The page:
With back cover blurbs out of a wet dream, Acts of Service has debuted to high praise. The critic Becca Rothfeld called the novel both a “sex masterpiece” and “a work of ferocious moral and sensual intelligence… a masterly defence of sex for its own sake.” A review in the New Statesman praises the way Fishman employs “the body’s urges… to ask wider questions about purpose, ageing, fidelity, individualism and narcissism.” A headline for an interview with The Cut dubs the debut “a new kind of queer novel.”
Yet Acts of Service, like Little Rabbit and Conversations with Friends, is on some level yet another book about a bisexual woman besotted with a man she might otherwise find objectionable. For Eve, queerness is defined primarily through a slew of loosely held political convictions: “Queerness rose in my life like a faith,” she explains. “When I came to New York I found there were shared beliefs, shared systems, not among all queer people but among a set to whom queerness meant a specific type of ethical awareness. Here was how I would know what was good to want.” This faith, in Eve’s conception, is anti-sex, anti-pleasure, anti-man — within her community, bisexuality appears to be looked upon with greater disdain than adultery. Even as she eagerly digests what she ought to desire, she learns she craves something different: “I didn’t want to give up one or the other — to give up the shine of life!” she groans. “Men were required, women were required, respect and disrespect were required, love and the lust of hatred required. But I knew this was not what I was supposed to want.”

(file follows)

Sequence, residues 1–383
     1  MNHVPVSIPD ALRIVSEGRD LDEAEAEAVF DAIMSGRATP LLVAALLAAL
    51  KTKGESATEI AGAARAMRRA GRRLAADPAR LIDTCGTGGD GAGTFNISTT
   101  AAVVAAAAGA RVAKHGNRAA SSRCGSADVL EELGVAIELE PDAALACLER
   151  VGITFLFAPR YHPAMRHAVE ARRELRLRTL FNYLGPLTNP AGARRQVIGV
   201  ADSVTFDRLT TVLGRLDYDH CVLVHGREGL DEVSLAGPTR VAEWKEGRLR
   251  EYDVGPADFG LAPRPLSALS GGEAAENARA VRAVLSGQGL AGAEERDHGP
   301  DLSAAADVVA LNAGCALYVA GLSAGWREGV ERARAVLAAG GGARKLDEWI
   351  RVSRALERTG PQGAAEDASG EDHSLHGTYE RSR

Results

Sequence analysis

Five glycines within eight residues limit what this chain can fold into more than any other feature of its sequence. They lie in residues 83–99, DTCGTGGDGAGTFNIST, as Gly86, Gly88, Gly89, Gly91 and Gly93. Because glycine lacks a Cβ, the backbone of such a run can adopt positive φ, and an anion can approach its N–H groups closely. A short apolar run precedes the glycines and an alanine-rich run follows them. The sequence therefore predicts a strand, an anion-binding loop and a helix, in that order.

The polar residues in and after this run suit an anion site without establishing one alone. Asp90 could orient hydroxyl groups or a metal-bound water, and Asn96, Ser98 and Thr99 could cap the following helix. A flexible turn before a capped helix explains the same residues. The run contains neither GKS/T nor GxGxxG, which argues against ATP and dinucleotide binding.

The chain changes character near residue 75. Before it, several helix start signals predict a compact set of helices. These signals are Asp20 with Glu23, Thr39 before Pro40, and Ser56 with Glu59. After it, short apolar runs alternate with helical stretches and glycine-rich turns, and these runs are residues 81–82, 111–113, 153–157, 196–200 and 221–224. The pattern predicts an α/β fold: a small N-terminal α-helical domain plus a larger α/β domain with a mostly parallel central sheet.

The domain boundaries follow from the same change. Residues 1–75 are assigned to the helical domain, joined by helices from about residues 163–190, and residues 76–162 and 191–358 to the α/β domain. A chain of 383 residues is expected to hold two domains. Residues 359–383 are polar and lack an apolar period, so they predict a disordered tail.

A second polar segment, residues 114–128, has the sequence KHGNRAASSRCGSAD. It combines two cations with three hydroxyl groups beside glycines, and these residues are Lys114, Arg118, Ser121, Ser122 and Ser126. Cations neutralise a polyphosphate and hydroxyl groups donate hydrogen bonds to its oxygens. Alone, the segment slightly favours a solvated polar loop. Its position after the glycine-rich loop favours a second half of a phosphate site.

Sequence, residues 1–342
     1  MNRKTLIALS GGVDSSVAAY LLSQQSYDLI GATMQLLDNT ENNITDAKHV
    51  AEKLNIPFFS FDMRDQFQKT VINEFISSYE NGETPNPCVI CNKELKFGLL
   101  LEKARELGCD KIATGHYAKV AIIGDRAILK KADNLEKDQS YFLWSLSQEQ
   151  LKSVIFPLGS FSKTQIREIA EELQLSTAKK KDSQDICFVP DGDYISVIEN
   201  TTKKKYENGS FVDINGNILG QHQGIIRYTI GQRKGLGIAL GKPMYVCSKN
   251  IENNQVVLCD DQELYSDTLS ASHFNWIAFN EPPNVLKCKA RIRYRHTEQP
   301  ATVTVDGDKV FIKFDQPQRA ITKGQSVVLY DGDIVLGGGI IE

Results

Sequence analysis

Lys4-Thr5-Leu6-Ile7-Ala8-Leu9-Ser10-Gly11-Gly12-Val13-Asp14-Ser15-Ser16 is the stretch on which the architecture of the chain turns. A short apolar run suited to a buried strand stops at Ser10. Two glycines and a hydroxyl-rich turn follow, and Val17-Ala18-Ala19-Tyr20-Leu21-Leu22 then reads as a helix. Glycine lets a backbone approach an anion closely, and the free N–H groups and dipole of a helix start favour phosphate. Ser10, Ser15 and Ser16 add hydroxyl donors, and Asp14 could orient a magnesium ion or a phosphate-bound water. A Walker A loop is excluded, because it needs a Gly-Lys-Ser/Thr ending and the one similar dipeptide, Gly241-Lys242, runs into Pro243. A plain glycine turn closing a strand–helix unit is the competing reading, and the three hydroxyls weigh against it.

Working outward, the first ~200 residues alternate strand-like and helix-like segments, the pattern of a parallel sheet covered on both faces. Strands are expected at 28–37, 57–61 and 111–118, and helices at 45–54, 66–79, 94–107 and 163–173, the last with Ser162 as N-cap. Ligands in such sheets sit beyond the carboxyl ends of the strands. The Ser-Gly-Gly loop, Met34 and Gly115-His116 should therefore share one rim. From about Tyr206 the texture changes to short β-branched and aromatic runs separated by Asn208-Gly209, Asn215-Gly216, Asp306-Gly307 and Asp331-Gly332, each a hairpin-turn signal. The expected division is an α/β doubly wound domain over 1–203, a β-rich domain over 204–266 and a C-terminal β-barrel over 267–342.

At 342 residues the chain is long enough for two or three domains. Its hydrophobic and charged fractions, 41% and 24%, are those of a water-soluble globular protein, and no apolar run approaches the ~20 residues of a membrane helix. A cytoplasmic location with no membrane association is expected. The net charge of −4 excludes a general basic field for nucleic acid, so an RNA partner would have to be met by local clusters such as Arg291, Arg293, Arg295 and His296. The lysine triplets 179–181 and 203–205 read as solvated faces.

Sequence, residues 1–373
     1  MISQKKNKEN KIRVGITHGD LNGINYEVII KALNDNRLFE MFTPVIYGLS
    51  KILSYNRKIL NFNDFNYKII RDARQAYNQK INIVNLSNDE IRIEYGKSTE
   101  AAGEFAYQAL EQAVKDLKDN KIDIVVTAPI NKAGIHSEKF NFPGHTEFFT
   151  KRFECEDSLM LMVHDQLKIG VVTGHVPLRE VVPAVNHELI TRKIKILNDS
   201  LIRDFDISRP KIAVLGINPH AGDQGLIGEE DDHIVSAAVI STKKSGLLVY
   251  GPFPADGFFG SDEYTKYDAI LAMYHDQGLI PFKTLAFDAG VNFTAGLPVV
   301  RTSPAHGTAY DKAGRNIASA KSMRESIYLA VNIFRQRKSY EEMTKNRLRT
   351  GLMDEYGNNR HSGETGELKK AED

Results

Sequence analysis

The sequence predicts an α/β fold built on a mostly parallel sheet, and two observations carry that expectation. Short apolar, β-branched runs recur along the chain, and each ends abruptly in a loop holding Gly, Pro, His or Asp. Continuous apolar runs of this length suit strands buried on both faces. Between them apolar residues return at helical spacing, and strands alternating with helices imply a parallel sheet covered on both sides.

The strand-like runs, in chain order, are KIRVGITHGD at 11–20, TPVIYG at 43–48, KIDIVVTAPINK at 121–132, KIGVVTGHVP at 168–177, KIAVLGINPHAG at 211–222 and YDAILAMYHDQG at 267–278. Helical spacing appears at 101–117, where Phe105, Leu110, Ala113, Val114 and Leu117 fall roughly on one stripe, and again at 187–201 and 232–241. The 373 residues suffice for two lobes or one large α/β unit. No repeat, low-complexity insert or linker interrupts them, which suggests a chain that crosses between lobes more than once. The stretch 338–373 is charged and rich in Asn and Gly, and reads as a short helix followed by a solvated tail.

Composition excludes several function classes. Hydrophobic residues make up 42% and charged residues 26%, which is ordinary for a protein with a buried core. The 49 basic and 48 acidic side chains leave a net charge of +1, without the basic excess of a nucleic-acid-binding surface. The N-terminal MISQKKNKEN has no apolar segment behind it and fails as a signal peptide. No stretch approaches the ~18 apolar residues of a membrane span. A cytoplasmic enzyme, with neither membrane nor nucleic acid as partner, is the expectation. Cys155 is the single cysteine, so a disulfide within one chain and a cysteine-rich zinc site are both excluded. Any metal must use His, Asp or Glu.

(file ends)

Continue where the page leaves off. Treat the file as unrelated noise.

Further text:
In contrast to their bisexual (and therefore, apparently, desperately conflicted) narrators, each of these books contains its own version of the perfect queer, a woman seemingly so gay she reaches priesthood status. Rooney’s Frances has her Bobbi; for Caroline, it’s Annie. And for Eve, it’s Romi, the doting pediatrician girlfriend “so preoccupied with her vocation that she was immune to beauty.” Romi’s queerness is unimpeachable, her life and desires presumed to be consistent, lacking in internal conflict. When a friend questions Eve’s idealized view of Romi, she does so not because Eve’s attitude is harmful or essentializing but because it’s unfair to Eve to have to live up to the same standards. Across these novels, the bisexual mind is made out to be both uniquely conflicted and singularly perceptive, as if it were not innately human to interrogate desire. One would think, from this slew, that only bi girls ever worry over who and what we want.